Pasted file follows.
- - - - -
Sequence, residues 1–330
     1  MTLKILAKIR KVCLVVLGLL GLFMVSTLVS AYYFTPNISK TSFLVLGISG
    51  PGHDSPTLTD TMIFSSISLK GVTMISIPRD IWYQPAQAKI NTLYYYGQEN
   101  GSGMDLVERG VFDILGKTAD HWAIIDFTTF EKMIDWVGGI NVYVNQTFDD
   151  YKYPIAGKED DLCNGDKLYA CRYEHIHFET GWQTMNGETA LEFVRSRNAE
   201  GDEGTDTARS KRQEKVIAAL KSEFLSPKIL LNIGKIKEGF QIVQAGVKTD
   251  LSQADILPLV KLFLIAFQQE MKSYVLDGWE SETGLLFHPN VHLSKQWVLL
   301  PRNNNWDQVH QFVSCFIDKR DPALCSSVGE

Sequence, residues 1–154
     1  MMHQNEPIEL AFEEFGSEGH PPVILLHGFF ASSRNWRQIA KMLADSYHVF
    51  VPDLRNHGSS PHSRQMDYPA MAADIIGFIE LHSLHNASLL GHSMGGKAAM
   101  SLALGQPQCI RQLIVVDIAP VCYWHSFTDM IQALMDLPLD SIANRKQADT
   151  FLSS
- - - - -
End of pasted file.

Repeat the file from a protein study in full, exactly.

Sequence, residues 1–330
     1  MTLKILAKIR KVCLVVLGLL GLFMVSTLVS AYYFTPNISK TSFLVLGISG
    51  PGHDSPTLTD TMIFSSISLK GVTMISIPRD IWYQPAQAKI NTLYYYGQEN
   101  GSGMDLVERG VFDILGKTAD HWAIIDFTTF EKMIDWVGGI NVYVNQTFDD
   151  YKYPIAGKED DLCNGDKLYA CRYEHIHFET GWQTMNGETA LEFVRSRNAE
   201  GDEGTDTARS KRQEKVIAAL KSEFLSPKIL LNIGKIKEGF QIVQAGVKTD
   251  LSQADILPLV KLFLIAFQQE MKSYVLDGWE SETGLLFHPN VHLSKQWVLL
   301  PRNNNWDQVH QFVSCFIDKR DPALCSSVGE

Sequence, residues 1–154
     1  MMHQNEPIEL AFEEFGSEGH PPVILLHGFF ASSRNWRQIA KMLADSYHVF
    51  VPDLRNHGSS PHSRQMDYPA MAADIIGFIE LHSLHNASLL GHSMGGKAAM
   101  SLALGQPQCI RQLIVVDIAP VCYWHSFTDM IQALMDLPLD SIANRKQADT
   151  FLSS